drawing 7 Arch Feb 2013

Brothers, it’s me. Twin 2 she calls me, or Trouble, or Baby B. When she is in a good mood, or has had a couple of glasses of that yellowy water, she might call me Bunny, or Sausage, or Chicken. Anyway, I’ve snuck away. There may only be moments to spare. Not a sixty second period goes by where she doesn’t suspiciously say where is your brother? Or she shouts my name, quickly followed by what ARE you doing? Honestly that woman does not trust me alone for a single moment. If we tally up the number of times she shouts all the names, I’m way out in front. I am not suggesting for a moment that I am the innocent in all this, but I do think she overreacts at times.

Take for example the time I flushed the bath plug down the toilet, followed by the face cloth, and my teddy, undies and other things she doesn’t know about. She and Daddy pulled out their serious, deep voices that day. So overdramatic brothers. And I can’t help it if I like to empty things. Like bottles of Dettol, and whole bottles of bubble bath, and cooking oil, hand sanitizer, toothpaste tubes and my cup of water into my dinner. Just trying to be helpful people what’s the big deal? Sheesh. And why not bring the business end of the garden hose into the house to speed up the cleaning? She is always wiping things and cleaning food off the floor, surely the hose is more efficient brothers?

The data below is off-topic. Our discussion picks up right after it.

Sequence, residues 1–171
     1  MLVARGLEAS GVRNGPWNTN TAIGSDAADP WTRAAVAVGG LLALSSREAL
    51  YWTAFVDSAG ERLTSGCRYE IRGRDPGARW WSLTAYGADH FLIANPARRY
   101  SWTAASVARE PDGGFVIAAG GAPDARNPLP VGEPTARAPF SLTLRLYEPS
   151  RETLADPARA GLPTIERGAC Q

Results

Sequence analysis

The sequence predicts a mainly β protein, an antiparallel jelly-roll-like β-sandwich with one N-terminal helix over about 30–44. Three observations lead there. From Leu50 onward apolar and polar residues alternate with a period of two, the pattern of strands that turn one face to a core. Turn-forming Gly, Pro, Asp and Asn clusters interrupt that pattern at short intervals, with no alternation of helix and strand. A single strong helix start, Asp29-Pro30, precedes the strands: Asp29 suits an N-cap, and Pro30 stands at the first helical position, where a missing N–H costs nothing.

I am a born risk taker brothers. When I am a teenager this quality will ensure I am on a first name basis with the local Emergency Department nurses. As an adult, it will make me a millionaire in stocks. And then bankrupt. And then a millionaire. But at 3, well it’s a tricky skill to balance. Mum freaks out when I come out of the garage with a razor sharp pocket knife that I’ve managed to locate (those parental types continually underestimate my detective skills). She also loses her shit when she finds me in the playroom with Dad’s screwdrivers, secateurs and lawn mower.